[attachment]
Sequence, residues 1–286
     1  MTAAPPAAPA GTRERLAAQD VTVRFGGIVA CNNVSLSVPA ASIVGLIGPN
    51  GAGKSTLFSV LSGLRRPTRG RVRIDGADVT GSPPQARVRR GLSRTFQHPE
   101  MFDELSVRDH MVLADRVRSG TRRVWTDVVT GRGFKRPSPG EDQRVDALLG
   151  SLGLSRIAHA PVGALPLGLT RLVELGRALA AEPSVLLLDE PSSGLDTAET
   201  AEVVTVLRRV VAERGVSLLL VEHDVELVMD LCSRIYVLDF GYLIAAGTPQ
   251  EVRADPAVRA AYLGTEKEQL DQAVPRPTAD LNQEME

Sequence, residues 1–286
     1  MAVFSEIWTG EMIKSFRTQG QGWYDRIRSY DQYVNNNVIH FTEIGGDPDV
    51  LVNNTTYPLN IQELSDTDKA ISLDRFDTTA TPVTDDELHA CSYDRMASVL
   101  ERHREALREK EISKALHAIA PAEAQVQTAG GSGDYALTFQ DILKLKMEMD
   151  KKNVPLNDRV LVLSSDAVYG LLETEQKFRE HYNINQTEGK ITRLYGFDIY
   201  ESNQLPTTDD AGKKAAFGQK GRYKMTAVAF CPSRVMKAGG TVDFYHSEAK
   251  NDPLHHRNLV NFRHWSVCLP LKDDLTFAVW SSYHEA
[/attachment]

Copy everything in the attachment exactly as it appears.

Sequence, residues 1–286
     1  MTAAPPAAPA GTRERLAAQD VTVRFGGIVA CNNVSLSVPA ASIVGLIGPN
    51  GAGKSTLFSV LSGLRRPTRG RVRIDGADVT GSPPQARVRR GLSRTFQHPE
   101  MFDELSVRDH MVLADRVRSG TRRVWTDVVT GRGFKRPSPG EDQRVDALLG
   151  SLGLSRIAHA PVGALPLGLT RLVELGRALA AEPSVLLLDE PSSGLDTAET
   201  AEVVTVLRRV VAERGVSLLL VEHDVELVMD LCSRIYVLDF GYLIAAGTPQ
   251  EVRADPAVRA AYLGTEKEQL DQAVPRPTAD LNQEME

Sequence, residues 1–286
     1  MAVFSEIWTG EMIKSFRTQG QGWYDRIRSY DQYVNNNVIH FTEIGGDPDV
    51  LVNNTTYPLN IQELSDTDKA ISLDRFDTTA TPVTDDELHA CSYDRMASVL
   101  ERHREALREK EISKALHAIA PAEAQVQTAG GSGDYALTFQ DILKLKMEMD
   151  KKNVPLNDRV LVLSSDAVYG LLETEQKFRE HYNINQTEGK ITRLYGFDIY
   201  ESNQLPTTDD AGKKAAFGQK GRYKMTAVAF CPSRVMKAGG TVDFYHSEAK
   251  NDPLHHRNLV NFRHWSVCLP LKDDLTFAVW SSYHEA